In 2004, I was one of five thousand realtors in the Silicon Valley. The market was on fire and the industry was flooded with individuals who thought selling homes would be an easy way to get rich quick. Houses were flying off the Multiple Listing Service and at prices higher than we’d ever seen before. Anyone could get a real estate license – and they did.
I’ve never been someone who easily boasted about my strong points. My brothers and I were raised to be humble to a fault. In my family, bragging was a cardinal sin, so the difficult question became how to sell myself to the public. Everywhere I looked, agents claimed to be “Number One,” the “Neighborhood Specialist,” or in the “Top Ten Percent.” Their ads seemed to screamed “pick me, pick me, pick me.” I wanted to be different and set myself apart from the throng.
One day, while taking a marketing seminar, I heard of an idea of mailing letters to your contacts about something personal in your life. A “letter from the heart,” so to speak. This suggestion came with a fee and monthly CDs with pre-written suggestions of what to say.
From the time I was ten, I’ve always written everything down – my secrets, thoughts, dreams and desires. Verbal communication was a major challenge for me. Nothing ever came out of my mouth clear or in a manner that could be easily understood by the listener. Plus, there was always the fear of feeling stupid or rejected because the recipient of my dialogue wouldn’t like what I had to say. When I wanted to express something to a family member or friend, instead of looking at them face-to-face, I wrote them a note and left it on their pillow. Marketing myself through writing would be a natural way for me to communicate. I plunked the $1000 down and the journey began.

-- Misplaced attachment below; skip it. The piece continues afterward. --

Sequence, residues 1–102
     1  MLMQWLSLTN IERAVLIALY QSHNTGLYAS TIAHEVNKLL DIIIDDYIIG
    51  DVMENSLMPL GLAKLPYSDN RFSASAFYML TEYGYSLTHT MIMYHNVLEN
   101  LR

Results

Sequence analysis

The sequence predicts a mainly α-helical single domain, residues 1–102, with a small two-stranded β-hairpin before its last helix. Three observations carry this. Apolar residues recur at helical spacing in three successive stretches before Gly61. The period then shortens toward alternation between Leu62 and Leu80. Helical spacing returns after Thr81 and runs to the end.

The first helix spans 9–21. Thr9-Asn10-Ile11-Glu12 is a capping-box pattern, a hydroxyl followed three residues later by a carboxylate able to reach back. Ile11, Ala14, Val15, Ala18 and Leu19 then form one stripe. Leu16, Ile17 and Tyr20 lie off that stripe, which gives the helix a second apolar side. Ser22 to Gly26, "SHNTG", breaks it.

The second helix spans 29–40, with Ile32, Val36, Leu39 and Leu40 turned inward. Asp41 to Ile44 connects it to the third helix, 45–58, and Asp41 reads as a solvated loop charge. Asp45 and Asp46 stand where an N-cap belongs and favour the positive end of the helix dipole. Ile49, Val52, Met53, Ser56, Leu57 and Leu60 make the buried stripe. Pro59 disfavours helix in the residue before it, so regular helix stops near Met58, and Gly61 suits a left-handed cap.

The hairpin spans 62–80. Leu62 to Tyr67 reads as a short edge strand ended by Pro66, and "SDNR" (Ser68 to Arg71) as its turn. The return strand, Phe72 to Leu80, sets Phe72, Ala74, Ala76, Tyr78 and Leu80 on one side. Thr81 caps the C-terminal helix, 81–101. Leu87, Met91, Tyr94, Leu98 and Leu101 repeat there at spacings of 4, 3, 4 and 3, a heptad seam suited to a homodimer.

In November, the first generic CD came. I doctored it up, put my personal spin on it, mailed it to three hundred people and waited. But there was no response from anyone.
I went through the same process the next month. I was sure someone would comment on a Christmas letter, but again – nothing.
By January of 2005, I decided to write my own letter and I titled it “Count Your Blessings.” My mother had recently died, my children were leaving the house, my divorce was final and I was financially broke. Life was extremely difficult, but I began to see that, despite all this pain, I was truly blessed. It was because of these hardships that I grew to understand what was wonderful and beautiful in my life. Comparison is the tool by which we can measure success, love or failure. The response to this letter was astounding.
From that point on, each letter came as a result of a random idea I had in a particular moment. More importantly, the letters became a way of expressing my inner most thoughts to the world at large.
Five years later, I’m still writing. My following has grown and I’m constantly told how these notes have touched a visceral cord in my readers. But the main reason I write is a selfish one. With each new entry, I continue to find something delightful within me. My fears have dissipated. I’m not afraid to express how I feel and it doesn’t matter if someone appreciates it or not. Rejection is no longer my worst enemy. Through a marketing tool that began in 2004, I began to discovered I had a voice. I found confidence in myself and learned how and why I fit in this ever changing experience we call life. It has been a gift and blessing and one I plan to carry on as the journey continues.